Gull-billed terns (Gelochelidon nilotica vanrossemi) were submitted to the National Wildlife Health Center by refuge staff at the San Diego Bay National Wildlife Refuge during the month of May 2013 as a result of a mortality event involving 70 breeding adults and chicks. Clinical signs included head tilt, difficulty breathing, and ataxia. No other birds, including waterfowl, skimmers, or other tern and gull species, using this nesting area appeared affected.

There was no evidence of trauma and birds were in fair body condition with mild to moderate lack of pectoral musculature, suggestive of poor nutritional status. All terns had shrimp-like crustaceans present in the proventriculus and gizzard which were later identified as mole crabs (Emerita analoga), one of the most abundant invertebrates living on sandy beaches along the Pacific coast from Alaska to Baja California. In addition, the birds had moderate to heavy presence of intestinal parasites, identified as the acanthocephalan Profilicollis altmani, within the intestines as well as protruding through the intestinal walls into the abdominal cavity causing associated peritonitis. Brain cholinesterase levels were within normal limits for common terns indicating these birds were not recently exposed to organophosphates or carbamates. Routine bacterial cultures of liver and lung revealed no pathogenic organisms.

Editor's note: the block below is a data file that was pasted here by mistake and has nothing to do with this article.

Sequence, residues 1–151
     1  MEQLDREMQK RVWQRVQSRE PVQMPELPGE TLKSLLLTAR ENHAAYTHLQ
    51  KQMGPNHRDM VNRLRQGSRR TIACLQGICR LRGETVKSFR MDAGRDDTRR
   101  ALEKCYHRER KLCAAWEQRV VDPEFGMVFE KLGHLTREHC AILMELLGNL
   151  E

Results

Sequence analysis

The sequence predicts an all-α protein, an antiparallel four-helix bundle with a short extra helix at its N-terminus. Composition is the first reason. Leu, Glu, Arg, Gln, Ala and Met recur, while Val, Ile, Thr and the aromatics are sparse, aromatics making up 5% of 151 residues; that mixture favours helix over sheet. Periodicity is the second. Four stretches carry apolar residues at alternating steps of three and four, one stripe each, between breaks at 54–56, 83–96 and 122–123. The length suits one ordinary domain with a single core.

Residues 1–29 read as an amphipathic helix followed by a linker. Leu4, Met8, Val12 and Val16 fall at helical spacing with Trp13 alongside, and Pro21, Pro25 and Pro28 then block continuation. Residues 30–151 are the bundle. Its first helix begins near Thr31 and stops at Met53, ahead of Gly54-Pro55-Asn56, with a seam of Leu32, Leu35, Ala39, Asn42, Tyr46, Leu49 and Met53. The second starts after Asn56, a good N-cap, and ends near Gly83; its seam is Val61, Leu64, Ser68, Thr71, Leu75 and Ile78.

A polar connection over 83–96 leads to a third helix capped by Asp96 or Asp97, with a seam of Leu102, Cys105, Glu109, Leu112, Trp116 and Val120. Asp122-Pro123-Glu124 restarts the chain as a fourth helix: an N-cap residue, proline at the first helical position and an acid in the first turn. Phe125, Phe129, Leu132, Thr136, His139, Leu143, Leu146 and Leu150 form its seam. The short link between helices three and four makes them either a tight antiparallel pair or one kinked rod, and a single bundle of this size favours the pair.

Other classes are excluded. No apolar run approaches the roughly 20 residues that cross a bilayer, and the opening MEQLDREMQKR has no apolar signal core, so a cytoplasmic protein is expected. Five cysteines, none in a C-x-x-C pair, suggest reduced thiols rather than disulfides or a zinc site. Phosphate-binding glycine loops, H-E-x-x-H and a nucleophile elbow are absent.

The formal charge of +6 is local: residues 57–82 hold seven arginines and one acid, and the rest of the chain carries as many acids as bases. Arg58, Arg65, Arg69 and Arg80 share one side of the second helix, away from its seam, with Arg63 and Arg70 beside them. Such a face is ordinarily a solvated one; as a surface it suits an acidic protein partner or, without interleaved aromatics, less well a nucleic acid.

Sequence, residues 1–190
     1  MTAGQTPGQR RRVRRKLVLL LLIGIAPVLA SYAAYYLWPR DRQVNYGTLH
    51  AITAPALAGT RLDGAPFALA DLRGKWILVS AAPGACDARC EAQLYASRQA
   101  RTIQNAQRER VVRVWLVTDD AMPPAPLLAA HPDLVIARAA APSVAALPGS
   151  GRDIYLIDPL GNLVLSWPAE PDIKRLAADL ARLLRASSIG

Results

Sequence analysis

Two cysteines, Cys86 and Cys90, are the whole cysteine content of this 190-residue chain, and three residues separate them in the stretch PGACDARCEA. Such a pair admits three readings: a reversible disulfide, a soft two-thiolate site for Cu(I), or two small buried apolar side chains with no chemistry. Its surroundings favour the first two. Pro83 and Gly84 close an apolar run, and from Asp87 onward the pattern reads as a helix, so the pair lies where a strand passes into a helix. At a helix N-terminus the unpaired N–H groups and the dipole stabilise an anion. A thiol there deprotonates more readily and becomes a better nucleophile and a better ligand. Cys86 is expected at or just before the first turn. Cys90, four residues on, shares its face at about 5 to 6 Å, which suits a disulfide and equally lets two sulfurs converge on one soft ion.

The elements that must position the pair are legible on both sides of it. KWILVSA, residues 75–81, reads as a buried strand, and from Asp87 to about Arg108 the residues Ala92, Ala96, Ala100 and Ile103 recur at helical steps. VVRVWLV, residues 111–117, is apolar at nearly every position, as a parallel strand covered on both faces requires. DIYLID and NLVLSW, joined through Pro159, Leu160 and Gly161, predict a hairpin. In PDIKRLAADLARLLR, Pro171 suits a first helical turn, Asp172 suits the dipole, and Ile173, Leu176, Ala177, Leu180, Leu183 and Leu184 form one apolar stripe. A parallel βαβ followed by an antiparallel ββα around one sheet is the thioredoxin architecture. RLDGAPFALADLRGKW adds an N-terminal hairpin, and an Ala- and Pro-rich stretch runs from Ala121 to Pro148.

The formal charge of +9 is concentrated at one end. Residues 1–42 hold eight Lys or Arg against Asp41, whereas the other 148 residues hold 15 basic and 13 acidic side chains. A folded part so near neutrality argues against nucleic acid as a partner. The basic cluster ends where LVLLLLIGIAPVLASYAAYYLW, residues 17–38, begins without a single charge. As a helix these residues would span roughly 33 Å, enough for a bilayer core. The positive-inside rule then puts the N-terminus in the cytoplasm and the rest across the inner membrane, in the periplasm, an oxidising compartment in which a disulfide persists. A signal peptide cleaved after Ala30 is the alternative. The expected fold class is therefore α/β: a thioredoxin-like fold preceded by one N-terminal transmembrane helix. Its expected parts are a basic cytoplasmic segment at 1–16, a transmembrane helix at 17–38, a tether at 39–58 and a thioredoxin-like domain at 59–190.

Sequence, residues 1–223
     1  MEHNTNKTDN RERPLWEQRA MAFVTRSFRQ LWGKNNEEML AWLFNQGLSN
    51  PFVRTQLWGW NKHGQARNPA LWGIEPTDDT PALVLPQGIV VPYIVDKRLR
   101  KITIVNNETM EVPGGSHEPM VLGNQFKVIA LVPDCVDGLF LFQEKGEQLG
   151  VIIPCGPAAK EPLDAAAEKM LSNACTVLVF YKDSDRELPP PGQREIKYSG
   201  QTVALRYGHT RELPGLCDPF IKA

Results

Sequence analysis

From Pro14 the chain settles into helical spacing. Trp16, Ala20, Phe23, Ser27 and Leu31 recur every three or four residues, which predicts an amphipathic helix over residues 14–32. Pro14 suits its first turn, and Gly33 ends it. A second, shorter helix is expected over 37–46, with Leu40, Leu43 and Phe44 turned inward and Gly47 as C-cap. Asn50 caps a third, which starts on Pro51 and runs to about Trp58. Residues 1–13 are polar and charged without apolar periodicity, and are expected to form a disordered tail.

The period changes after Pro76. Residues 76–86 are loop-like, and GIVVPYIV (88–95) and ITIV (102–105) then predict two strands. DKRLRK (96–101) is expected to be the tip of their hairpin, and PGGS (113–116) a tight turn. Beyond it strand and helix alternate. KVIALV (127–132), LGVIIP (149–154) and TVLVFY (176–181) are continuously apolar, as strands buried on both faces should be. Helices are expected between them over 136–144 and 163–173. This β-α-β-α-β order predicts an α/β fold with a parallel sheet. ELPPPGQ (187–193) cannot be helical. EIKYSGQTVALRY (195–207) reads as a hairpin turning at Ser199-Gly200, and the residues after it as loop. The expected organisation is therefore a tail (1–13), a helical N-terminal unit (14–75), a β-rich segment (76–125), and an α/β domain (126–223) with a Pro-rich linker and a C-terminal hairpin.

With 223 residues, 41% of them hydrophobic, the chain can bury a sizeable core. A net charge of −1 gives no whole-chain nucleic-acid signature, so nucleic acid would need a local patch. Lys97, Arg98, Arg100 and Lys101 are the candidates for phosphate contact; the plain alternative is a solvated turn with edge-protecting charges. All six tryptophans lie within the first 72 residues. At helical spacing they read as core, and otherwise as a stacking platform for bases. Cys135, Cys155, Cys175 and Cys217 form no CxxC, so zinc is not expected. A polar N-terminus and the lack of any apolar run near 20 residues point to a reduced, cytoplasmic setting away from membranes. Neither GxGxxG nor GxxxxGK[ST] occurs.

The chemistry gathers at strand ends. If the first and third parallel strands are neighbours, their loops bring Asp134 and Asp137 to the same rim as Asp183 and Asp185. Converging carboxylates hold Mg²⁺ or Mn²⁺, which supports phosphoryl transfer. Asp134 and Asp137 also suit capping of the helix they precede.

Acanthocephalans can infect all vertebrates, with ducks, geese and swans most commonly affected. Epizootic mortality events involving this parasite may occur and usually correspond to food shortages and/or periods of high stress (migration and breeding). Mole crabs are a common intermediate host and can have very high concentrations of the parasite. Contact: Barbara Bodenstein, USGS National Wildlife Health Center, 608-270-2447, bbodenstein@usgs.gov

Suspected carbamate poisoning in songbirds (Wisconsin)

The U.S. Fish and Wildlife Service received reports of more than 60 dead songbirds at a private residence in Juneau County, Wisconsin in mid-April 2013. The primary affected species were fox sparrows (Passerella iliaca; FOSP) and dark-eyed juncos (Junco hyemalis; DEJU). Although there were bird feeders in the yard, the majority of the birds were observed under the resident’s cedar trees. Four specimens (2 DEJU and 2 FOSP) from this event were examined at the USGS National Wildlife Health Center. All four had significant brain cholinesterase inhibition and results from follow-up tests were suggestive of carbamate poisoning as the cause of this mortality event.